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International Trade and Employment in Labour-Intensive Sectors in Iran

By Zahra Karimi | November 20, 2007

ABSTRACT: Most developing countries try to “reduce production costs” to be able to increase their exports to the competitive international markets. The process of economic globalization has winners and losers. Surging international trade has lowered the share of Iran's labour-intensive exports, especially Persian Carpets, in international markets; as the production costs of its rival countries are lower.

The results of the survey which was conducted about carpet-weavers in Kashan show that harsh international competition in conquering hand-woven carpet markets has reduced real wages of carpet-weavers and has restructured the labour force of the industry in Iran. The middle income families, who were involved in carpet-weaving for long time, have left the industry and Afghan immigrant workers increasingly substitute Iranian weavers. Iran's share in international hand-woven carpet markets would be lower, if low-paid women Afghan workers were not concentrated in Iran hand-woven carpet industry.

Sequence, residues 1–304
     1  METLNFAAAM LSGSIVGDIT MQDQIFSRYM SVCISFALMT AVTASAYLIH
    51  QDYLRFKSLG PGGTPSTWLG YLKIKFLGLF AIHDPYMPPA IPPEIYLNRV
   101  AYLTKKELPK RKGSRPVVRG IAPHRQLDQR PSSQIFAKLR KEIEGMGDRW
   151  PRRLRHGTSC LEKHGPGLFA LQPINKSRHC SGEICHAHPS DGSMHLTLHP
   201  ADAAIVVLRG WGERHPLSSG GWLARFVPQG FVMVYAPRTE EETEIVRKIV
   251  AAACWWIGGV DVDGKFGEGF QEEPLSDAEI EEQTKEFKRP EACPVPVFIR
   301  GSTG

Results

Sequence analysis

Download: International Trade and Employment in Labour-Intensive Sectors in Iran (PDF, 124.46 K)

Read More: Development, Economy, Human Rights, Trade, Iran, Middle East

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